Although the presupposed uniform priors overlap for the recession coefficients k1 and k0, the ranges of their DREAM calibrated posteriors do not overlap for the HBV-Soil Parsim R and HBV-Parsim and do not overlap significantly for the other routines. This indicated that the DREAM calibration was able to constrain the model parameters to satisfy the conceptual representation of the quick runoff that is related to k1 and the slow base flow that is related to k0. From the pure MC method, Seibert (1997a) and Uhlenbrook et al. (1999) found an overlap in k1 and k0 for some MC generated parameter sets, which is contradictory to the model conceptualisation. Even if there is a slight overlap between calibrated posterior ranges of k2 and k1 for the HBV-SMHI and k1 and k0 for the HBV-non-linear, the parameter set corresponding to the maximum NSE and maximum NSELn complies with the conceptualisation of very quick runoff corresponding to k2, quick runoff corresponding to k1 and slow baseflow corresponding to k0 or k2 > k1 > k0 (Table 6).

The strong negative correlations between the FC and the PERC parameters (Table 7) show the marked influence of parameterisations of the SM accounting on the runoff response parameters. As the FC increases, the relative saturation (SM/FC) decreases and hence the recharge decreases (based on the equation for the recharge in Table 2), which in turn reduces the percolation rate (related to the PERC parameter). For the HBV-non-linear, the negative correlations are more pronounced among the recession (drainage) coefficients and the non-linearity exponents of the outflow and baseflow equations showing existence of strong compensation or interaction among the recession coefficients and the non-linearity parameters. However, the results indicated positive correlation between the FC and the upper reservoir non-linearity coefficient. Generally, positive correlations were exhibited among the recession coefficient parameters and the PERC except for the HBV-SMHI, which showed very slight negative correlation between k0 and PERC. Increase in the k1 compensates for reduced storage in the upper reservoir as the PERC increases for simulation of outflow from the upper reservoir. Increase in PERC to increase the storage in the lower reservoir accompanied by an increase in k0 favours generation of baseflow according to the baseflow equation.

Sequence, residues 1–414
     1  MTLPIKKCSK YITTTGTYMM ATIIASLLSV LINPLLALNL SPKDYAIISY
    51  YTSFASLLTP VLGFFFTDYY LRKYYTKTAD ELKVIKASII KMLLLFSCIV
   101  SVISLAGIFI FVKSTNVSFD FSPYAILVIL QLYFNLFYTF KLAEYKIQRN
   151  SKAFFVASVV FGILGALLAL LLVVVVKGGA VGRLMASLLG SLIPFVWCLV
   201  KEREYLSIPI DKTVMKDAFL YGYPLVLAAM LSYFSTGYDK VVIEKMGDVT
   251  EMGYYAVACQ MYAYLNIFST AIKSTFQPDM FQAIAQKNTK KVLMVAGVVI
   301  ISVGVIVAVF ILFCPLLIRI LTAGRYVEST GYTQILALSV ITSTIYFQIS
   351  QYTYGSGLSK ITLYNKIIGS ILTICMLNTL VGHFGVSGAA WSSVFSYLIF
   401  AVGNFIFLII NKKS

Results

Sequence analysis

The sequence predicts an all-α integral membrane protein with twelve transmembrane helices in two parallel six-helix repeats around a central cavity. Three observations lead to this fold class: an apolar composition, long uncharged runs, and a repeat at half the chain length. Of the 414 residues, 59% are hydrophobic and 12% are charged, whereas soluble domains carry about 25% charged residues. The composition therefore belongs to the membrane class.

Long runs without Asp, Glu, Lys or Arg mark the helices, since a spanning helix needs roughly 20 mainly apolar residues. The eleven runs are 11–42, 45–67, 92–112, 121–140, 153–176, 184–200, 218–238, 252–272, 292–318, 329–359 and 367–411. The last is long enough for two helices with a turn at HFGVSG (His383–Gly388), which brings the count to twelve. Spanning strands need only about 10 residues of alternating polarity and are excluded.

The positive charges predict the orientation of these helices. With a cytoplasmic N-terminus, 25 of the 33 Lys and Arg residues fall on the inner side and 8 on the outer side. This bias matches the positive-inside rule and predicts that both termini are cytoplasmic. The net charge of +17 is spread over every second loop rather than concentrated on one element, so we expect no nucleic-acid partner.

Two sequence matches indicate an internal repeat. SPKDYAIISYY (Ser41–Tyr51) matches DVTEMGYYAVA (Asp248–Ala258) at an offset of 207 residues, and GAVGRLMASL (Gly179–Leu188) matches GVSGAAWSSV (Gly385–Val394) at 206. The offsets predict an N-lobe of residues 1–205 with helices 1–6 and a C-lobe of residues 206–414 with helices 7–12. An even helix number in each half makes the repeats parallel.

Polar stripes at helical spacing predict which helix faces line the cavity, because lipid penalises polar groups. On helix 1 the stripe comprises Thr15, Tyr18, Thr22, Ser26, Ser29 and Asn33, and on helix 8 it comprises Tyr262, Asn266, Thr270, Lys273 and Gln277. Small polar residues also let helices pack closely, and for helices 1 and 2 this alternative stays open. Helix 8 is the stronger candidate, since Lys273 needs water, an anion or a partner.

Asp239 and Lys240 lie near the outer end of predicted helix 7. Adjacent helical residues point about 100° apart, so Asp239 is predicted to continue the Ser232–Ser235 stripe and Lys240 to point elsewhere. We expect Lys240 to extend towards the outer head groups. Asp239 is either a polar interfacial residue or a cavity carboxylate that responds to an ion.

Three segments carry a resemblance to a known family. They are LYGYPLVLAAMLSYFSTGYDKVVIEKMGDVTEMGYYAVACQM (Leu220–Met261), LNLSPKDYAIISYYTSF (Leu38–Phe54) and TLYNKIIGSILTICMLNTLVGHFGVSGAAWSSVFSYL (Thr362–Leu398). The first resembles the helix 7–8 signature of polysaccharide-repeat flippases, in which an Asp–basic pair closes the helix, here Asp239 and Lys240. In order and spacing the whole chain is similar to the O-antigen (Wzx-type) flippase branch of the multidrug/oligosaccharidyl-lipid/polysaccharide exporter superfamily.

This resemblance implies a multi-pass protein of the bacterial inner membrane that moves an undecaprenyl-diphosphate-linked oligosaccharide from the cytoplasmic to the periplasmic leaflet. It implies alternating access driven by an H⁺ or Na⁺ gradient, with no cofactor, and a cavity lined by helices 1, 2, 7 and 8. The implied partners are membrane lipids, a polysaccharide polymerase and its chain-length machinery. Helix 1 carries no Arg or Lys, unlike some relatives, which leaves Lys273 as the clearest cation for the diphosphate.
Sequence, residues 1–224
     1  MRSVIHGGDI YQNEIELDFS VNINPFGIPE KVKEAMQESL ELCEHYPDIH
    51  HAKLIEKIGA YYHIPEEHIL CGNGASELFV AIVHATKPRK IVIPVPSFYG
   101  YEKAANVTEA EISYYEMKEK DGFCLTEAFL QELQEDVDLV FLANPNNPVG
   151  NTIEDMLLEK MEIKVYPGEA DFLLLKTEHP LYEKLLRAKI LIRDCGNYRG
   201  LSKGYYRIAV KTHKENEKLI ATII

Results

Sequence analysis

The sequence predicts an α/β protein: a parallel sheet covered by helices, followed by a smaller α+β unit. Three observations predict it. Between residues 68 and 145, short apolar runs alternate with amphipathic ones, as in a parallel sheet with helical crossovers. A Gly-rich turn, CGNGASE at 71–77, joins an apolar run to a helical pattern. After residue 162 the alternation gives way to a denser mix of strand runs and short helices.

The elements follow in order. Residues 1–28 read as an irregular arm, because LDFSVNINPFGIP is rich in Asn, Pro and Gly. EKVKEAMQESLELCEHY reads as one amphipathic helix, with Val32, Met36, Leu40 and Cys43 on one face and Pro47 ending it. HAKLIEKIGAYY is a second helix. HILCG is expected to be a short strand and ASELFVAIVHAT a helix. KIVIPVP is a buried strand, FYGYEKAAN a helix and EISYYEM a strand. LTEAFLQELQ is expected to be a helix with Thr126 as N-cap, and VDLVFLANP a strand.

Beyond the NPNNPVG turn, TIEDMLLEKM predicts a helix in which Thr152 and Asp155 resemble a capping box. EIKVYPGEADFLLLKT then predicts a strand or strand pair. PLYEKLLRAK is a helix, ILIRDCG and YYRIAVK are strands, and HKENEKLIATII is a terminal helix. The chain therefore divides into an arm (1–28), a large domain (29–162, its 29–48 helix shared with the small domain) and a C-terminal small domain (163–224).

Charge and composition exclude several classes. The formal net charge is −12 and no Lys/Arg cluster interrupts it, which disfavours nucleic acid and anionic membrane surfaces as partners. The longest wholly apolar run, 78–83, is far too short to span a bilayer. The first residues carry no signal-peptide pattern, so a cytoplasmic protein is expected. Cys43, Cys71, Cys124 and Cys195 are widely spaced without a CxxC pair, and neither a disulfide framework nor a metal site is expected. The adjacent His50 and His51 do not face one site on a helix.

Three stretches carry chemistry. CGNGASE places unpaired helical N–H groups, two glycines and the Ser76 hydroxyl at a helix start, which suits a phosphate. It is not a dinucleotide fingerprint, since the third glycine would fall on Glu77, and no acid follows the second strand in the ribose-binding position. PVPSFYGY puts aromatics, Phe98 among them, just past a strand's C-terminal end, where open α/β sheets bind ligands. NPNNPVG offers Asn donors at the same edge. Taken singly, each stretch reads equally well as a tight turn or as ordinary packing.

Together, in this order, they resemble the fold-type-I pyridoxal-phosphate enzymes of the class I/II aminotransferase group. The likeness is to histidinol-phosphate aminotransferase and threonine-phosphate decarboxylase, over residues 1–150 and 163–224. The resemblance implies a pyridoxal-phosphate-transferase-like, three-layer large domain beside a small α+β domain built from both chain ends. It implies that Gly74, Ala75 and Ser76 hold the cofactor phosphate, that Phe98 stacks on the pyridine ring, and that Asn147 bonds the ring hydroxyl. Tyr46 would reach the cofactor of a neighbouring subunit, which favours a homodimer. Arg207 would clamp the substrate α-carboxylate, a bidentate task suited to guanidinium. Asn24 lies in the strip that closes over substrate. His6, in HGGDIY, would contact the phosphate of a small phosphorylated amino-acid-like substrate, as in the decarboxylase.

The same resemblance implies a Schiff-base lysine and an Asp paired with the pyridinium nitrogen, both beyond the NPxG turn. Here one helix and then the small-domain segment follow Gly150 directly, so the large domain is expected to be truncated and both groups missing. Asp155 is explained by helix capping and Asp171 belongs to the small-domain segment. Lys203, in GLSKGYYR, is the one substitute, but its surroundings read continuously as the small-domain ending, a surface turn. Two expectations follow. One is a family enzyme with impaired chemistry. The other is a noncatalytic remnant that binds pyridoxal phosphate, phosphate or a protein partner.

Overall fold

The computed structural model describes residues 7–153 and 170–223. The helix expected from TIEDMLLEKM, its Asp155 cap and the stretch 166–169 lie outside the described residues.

CONCLUSIONS

We performed comparative evaluation of the four different configurations of the HBV runoff response routines (HBV-SMHI, HBV-non-linear, HBV-Soil Parsim R and HBV-Parsim). The results for the boreal catchments in mid-Norway indicated that the parsimonious conceptualisation (HBV-Parsim) with only five free parameters could extract the information content of the data efficiently with improved parameter identifiability. Also, better baseflow simulation was observed which complies with the high groundwater contribution to the streamflow for the study catchments as demonstrated in previous studies (Beldring et al. 2000) and as guided by the baseflow separation techniques in the present study.

The findings of the study revealed the importance of comprehensive evaluation of parametrical parsimonious (i.e. small number of free parameters) simple linear storage–discharge relationships and the more complex HBV-based response routines. Further parsimony without compromising the quality of streamflow prediction could also be possible for snow-free or snow non-dominated catchments by excluding the snow routine. However, the more complex routines with a large number of reservoirs and parameters and linear and non-linear conceptualisations like the HBV-SMHI and HBV-non-linear may offer more flexibility for scientific research purposes (e.g., process understanding). However, increases in the number of parameters increases degrees of freedom and hence parameter unidentifiability problems, which in turn has negative implications for predictive uncertainty for operational purposes.